Love shack, baby love shack

Ever since we bought our little country bungalow ten or so years ago, I have wanted to update a little outdoor building I refer to as my plant shack.

I’ve loved my little plant shack from the very beginning. I’m not sure why. It should have been torn down, it was so ramshackle. I guess I fell in love with the idea of having a grown-up place to play – a place I could call my own.

So, Brian and I have looked at it for years, wondering if it was salvageable or if it should be torn down. It always took a back seat to the gazillion other projects we worked on in our spare time. And, during all that time, I dreamed about all the fun stuff I would do if I ever had my very own woman cave.

So, for 10 years, even though there were no walls on this building, I kept my plant supplies, gardening supplies, pots and tools stored on the shelves.

One year, Brian wrapped the building in heavy plastic (as a temporary solution) and I overwintered a myriad of plants in there. The plastic walls lasted only a year and did not keep out the cold temperatures as much as I would have liked, so in subsequent years, I dragged all of my plants inside my tiny house again for wintering.

But, then, just last week Brian finished a job several days early and had a few free days to work around the house. He suggested that he could begin the work on my plant house or finish cutting out some overgrown brush and stumps in our front yard.

Well, we all know what I wanted to do.

First, I emptied out the old hen house of all the old windows we had been saving, sorting them according to size and quality. These will be the new walls of my plant house.  Pictured above is about half of out stash! Then, I moved all the contents of my plant shack to the now empty hen house for temporary storage.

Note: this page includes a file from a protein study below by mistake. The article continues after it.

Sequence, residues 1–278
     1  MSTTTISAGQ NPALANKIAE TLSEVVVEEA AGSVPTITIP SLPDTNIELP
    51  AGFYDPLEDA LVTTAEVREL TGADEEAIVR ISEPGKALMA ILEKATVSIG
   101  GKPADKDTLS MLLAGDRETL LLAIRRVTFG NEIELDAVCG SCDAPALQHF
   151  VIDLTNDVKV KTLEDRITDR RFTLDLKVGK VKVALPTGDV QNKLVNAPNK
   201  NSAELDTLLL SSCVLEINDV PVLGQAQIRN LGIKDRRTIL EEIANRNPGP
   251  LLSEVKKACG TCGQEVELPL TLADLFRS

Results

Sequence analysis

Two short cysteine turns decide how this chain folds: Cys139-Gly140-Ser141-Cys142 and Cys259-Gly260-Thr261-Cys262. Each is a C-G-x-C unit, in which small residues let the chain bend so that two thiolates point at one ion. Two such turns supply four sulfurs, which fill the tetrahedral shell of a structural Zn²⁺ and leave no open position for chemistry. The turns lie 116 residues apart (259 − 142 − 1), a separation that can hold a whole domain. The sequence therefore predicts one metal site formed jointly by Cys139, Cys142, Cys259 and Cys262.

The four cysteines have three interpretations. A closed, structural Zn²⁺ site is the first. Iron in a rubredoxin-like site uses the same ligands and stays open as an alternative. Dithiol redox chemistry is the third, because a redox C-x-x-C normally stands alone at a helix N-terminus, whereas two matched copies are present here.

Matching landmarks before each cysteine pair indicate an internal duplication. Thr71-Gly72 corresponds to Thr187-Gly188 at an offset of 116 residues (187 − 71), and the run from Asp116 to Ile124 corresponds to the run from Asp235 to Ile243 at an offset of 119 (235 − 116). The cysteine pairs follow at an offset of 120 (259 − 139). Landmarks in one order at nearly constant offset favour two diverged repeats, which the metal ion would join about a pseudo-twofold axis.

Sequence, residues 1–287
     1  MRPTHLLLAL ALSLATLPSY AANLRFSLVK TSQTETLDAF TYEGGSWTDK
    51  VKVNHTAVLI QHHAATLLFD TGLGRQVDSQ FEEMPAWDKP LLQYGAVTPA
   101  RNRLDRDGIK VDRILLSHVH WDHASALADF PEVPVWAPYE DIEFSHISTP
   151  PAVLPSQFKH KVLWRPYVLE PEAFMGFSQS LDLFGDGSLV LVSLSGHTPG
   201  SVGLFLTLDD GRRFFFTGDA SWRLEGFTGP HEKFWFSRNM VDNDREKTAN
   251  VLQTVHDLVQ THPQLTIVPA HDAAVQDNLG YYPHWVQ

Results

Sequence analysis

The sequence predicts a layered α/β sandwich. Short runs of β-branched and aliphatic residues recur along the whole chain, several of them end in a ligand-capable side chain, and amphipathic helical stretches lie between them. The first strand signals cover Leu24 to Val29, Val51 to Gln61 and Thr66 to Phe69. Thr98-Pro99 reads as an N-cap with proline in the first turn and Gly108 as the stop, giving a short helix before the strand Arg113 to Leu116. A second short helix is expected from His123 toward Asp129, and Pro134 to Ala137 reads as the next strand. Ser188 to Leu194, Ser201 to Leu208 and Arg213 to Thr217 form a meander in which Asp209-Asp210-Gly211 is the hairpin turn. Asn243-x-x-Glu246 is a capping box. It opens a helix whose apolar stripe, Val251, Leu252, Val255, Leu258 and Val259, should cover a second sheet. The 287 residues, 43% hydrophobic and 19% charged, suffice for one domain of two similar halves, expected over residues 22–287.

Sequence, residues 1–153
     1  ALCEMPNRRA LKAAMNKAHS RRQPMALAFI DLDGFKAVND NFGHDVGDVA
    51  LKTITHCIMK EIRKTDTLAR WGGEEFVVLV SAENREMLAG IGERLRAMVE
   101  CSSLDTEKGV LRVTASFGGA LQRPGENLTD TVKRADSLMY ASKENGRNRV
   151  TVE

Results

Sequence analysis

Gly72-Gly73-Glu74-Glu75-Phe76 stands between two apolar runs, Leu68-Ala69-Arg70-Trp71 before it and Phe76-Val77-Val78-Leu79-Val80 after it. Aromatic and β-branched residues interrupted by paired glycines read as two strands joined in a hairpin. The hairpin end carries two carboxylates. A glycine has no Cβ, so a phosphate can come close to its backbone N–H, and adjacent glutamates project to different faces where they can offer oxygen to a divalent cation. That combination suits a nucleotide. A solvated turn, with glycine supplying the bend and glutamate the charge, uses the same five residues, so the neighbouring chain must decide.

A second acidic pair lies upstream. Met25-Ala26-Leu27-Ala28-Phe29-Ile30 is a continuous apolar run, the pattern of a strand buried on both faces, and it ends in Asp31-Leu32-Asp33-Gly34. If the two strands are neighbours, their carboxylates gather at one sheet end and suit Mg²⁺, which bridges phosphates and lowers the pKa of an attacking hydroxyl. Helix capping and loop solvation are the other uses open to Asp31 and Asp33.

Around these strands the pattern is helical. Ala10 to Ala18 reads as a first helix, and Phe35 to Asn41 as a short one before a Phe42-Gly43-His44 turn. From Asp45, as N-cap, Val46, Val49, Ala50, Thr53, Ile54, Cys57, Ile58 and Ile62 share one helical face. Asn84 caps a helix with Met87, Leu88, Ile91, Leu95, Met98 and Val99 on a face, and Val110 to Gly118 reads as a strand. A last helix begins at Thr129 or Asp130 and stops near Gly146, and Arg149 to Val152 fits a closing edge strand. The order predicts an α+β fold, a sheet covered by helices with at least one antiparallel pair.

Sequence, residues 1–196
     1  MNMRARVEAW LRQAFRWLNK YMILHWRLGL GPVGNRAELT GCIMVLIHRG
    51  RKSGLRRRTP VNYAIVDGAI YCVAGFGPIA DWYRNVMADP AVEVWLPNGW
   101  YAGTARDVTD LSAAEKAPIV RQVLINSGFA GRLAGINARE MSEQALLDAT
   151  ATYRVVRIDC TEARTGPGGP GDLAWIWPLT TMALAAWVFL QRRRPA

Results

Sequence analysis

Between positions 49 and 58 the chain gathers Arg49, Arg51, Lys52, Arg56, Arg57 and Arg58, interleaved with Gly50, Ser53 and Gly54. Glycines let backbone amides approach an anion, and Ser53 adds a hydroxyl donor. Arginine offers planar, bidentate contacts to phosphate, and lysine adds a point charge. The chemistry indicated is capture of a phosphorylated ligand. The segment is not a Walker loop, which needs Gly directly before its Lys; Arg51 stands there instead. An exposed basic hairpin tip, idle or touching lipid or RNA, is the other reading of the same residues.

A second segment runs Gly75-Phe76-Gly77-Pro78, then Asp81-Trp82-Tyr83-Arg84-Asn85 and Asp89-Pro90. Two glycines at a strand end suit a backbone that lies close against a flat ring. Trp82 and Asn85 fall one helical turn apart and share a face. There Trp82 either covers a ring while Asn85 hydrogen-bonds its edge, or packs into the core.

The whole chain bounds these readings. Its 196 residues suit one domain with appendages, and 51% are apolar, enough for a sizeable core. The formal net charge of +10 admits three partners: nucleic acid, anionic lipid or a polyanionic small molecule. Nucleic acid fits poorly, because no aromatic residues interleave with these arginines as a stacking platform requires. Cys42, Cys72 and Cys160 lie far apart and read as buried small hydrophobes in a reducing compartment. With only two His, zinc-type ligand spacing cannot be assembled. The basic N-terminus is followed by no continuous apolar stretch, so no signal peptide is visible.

In the “before” photo above, you can see the tin roof and covered porch. And, in the photo below, the concrete floor. This is where we begin.

(Oh, yes, and Sam Dog wanted to get in on the picture, too! He’s such a ham.)

So, after two days, here is what we have to show you.

Oh, yeah, baby, I’m already loving it and everything it represents! My very own charming, shabby chic, funky junky love  plant shack!

Soon, very soon!



The fall garden

I live in USDA Plant Hardiness Zone 8 – the “Lower South.” On average, our first frost occurs between November 1 and 10 and our last frost between March 21 and 31. This growing season is long enough to have two seasonal vegetable gardens – the spring garden and the fall garden.

The spring garden usually starts in February, with prepping the soil and then planting the early, frost tolerant crops. The fall garden begins in late August with prepping the soil and starting seeds for planting in early September.

I grow a spring garden every year. Every year, I learn more about what I’m growing and the weather conditions and pests that affect production and I get better at it.

This year is only my fourth attempt at a fall garden. My previous three tries had not gone very well and rather than invest any time or money in it, I’ve skipped it rather than fail at it.